Math::PlanePath::PixelRings(3) pixellated concentric circles

SYNOPSIS

use Math::PlanePath::PixelRings;
my \$path = Math::PlanePath::PixelRings->new;
my (\$x, \$y) = \$path->n_to_xy (123);

DESCRIPTION

This path puts points on the pixels of concentric circles using the midpoint ellipse drawing algorithm.

```                63--62--61--60--59                     5
/                    \
64  .   40--39--38   .  58                 4
/       /            \       \
65  .   41  23--22--21  37   .  57             3
/       /   /            \   \       \
66  .   42  24  10-- 9-- 8  20  36   .  56         2
|    /   /   /            \   \   \     |
67  43  25  11   .   3   .   7  19  35  55         1
|   |   |   |     /   \     |   |   |   |
67  44  26  12   4   1   2   6  18  34  54       Y=0
|   |   |   |     \   /
68  45  27  13   .   5   .  17  33  53  80        -1
|    \   \   \            /   /   /     |
69  .   46  28  14--15--16  32  52   .  79        -2
\       \   \            /   /       /
70  .   47  29--30--31  51   .  78            -3
\       \            /       /
71  .   48--49--50   .  77                -4
\                    /
72--73--74--75--76                    -5
-5  -4  -3  -2  -1  X=0  1   2   3   4   5
```

The way the algorithm works means the rings don't overlap. Each is 4 or 8 pixels longer than the preceding. If the ring follows the preceding tightly then it's 4 longer, for example N=18 to N=33. If it goes wider then it's 8 longer, for example N=54 to N=80 ring. The average extra is approximately 4*sqrt(2).

The rings can be thought of as part-way between the diagonals like "DiamondSpiral" and the corners like "SquareSpiral".

```     *           **           *****
*            *              *
*            *             *
*            *            *
*           *            *

diagonal     ring         corner
5 points    6 points     9 points
```

For example the N=54 to N=80 ring has a vertical part N=54,55,56 like a corner then a diagonal part N=56,57,58,59. In bigger rings the verticals are intermingled with the diagonals but the principle is the same. The number of vertical steps determines where it crosses the 45-degree line, which is at R*sqrt(2) but rounded according to the midpoint algorithm.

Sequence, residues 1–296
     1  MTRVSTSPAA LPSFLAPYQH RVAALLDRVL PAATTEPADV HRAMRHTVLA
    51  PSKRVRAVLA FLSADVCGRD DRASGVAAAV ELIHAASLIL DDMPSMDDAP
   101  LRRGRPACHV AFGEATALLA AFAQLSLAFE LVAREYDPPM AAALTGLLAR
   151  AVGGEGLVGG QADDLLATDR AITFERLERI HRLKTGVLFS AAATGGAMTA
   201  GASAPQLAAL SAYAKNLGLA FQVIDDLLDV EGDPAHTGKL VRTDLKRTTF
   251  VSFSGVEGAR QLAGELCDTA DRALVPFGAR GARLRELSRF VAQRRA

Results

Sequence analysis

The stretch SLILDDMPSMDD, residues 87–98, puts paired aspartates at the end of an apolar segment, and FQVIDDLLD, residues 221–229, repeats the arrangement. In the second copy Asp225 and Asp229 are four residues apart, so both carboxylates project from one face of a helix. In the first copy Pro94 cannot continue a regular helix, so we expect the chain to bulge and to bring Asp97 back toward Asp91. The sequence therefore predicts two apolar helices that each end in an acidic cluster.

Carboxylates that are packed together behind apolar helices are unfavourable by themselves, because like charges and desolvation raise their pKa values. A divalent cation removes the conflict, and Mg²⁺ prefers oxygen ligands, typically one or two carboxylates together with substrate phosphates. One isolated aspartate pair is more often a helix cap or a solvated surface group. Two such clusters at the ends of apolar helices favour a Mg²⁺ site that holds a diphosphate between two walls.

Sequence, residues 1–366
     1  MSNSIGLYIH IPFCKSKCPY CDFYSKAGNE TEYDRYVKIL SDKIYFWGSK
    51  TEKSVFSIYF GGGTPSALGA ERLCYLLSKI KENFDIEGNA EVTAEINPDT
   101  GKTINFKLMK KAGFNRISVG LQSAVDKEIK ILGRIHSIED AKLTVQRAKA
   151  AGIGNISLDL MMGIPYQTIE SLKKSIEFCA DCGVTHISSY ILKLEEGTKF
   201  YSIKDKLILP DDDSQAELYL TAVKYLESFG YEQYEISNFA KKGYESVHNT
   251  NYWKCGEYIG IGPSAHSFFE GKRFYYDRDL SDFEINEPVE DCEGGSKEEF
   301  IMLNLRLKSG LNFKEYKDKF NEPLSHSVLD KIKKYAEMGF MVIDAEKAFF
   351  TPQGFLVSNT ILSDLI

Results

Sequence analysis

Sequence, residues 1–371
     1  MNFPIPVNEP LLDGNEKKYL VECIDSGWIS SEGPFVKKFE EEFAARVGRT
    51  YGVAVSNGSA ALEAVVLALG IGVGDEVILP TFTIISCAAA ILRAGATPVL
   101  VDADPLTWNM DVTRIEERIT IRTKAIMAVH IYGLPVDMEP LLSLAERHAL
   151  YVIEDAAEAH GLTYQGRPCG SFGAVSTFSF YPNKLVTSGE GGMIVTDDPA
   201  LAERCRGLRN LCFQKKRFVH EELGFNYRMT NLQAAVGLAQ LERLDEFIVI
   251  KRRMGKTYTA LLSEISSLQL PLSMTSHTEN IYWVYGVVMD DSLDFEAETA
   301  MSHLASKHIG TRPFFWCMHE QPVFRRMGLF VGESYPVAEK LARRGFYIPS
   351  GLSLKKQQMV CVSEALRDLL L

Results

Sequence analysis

FUNCTIONS

See ``FUNCTIONS'' in Math::PlanePath for behaviour common to all path classes.
"\$path = Math::PlanePath::PixelRings->new ()"
Create and return a new path object.
"(\$x,\$y) = \$path->n_to_xy (\$n)"
For "\$n < 1" the return is an empty list, it being considered there are no negative points.

The behaviour for fractional \$n is unspecified as yet.

"\$n = \$path->xy_to_n (\$x,\$y)"
Return an integer point number for coordinates "\$x,\$y". Each integer N is considered the centre of a unit square and an "\$x,\$y" within that square returns N.

Not every point of the plane is covered (like those marked by a ``.'' in the sample above). If "\$x,\$y" is not reached then the return is "undef".

Copyright 2010, 2011, 2012, 2013, 2014, 2015, 2016 Kevin Ryde

This file is part of Math-PlanePath.

Math-PlanePath is free software; you can redistribute it and/or modify it under the terms of the GNU General Public License as published by the Free Software Foundation; either version 3, or (at your option) any later version.

Math-PlanePath is distributed in the hope that it will be useful, but WITHOUT ANY WARRANTY; without even the implied warranty of MERCHANTABILITY or FITNESS FOR A PARTICULAR PURPOSE. See the GNU General Public License for more details.

You should have received a copy of the GNU General Public License along with Math-PlanePath. If not, see <http://www.gnu.org/licenses/>.